Only around one in five Web users say they notice the AdChoices icon, which is aimed at telling consumers about online behavioral advertising, according to research slated to be unveiled today by the University of Pennsylvania's Joe Turow.
Most Web users, 55%, say they don't know whether they have seen the icon, while 24% say they have not, Turow says. The findings come from a survey of nearly 1,500 Americans about attitudes regarding online ad targeting. The study also found that the overwhelming majority of respondents, 86%, disliked targeted political ads. That finding was released in July, but the data about the AdChoices icon wasn't made public at the time.
Turow, a professor at the Annenberg School for Communication, is presenting his research today at a meeting convened by the Commerce Department.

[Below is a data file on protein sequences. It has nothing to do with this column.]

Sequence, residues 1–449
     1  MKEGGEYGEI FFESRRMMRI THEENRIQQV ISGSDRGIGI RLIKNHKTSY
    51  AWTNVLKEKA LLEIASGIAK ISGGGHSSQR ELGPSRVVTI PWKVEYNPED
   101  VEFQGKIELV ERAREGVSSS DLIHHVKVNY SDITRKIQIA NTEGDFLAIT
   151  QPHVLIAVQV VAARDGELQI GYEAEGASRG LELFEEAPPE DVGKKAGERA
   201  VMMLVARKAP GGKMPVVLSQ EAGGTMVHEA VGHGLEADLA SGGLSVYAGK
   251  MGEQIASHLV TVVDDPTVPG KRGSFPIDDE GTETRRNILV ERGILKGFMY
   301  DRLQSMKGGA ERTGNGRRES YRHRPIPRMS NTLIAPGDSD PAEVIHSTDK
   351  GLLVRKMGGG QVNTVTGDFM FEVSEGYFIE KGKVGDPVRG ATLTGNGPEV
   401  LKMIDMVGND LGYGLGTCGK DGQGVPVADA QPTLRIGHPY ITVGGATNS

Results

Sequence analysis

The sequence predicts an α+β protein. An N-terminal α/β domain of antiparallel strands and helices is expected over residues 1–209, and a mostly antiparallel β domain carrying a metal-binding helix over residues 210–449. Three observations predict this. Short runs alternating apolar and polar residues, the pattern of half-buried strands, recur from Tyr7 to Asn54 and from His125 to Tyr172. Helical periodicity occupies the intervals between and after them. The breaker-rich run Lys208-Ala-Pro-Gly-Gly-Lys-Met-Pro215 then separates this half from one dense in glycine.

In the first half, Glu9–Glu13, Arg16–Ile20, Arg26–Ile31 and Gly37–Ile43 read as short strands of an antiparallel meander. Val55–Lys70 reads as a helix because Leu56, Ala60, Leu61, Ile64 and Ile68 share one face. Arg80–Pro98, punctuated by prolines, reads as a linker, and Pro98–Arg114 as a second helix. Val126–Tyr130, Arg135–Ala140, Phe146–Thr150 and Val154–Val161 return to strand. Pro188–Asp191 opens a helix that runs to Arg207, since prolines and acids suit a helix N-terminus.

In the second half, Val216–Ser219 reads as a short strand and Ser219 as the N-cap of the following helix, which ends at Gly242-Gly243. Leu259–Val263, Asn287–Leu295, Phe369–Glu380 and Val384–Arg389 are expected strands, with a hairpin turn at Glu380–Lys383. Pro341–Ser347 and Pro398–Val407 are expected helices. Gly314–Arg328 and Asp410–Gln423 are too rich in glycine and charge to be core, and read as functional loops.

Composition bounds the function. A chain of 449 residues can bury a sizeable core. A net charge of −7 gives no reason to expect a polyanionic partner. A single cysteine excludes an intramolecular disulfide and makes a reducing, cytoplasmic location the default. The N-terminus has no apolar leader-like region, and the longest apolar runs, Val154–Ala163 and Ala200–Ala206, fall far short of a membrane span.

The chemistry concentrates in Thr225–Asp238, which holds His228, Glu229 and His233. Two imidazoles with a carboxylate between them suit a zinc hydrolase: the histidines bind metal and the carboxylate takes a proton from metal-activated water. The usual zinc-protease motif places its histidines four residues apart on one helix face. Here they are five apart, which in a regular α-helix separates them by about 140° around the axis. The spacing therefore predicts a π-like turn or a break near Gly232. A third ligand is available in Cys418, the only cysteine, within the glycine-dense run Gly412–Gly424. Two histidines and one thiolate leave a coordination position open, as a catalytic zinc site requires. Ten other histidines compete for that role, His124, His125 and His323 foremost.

The AdChoices icon -- the centerpiece of the ad industry's self-regulatory efforts -- is served in around 1 trillion ad impressions each month. The symbols, consisting of a lower case 'i' inside a triangle on its side, typically say "AdChoices" and appear in the top corner of behaviorally targeted ads. Consumers who click on the icons are taken to a page where they can learn more about online behavioral advertising -- or how companies mine users' Web-surfing history in order to serve them ads -- and opt out of that form of advertising.
A study released in April by researchers from Carnegie Mellon University also raised questions about whether the icons effectively inform Web users about data-based advertising. For that report, researchers tested how 1,500 Web users interpreted the icons, taglines and landing pages. Most users "mistakenly believed that ads would pop up if they clicked on disclosure icons and taglines," the report says. More than six in 10 users, 63%, believed that opting out would stop online tracking; in fact, most ad networks only promise to stop sending targeted ads to people who opt out (though some also stop tracking those users).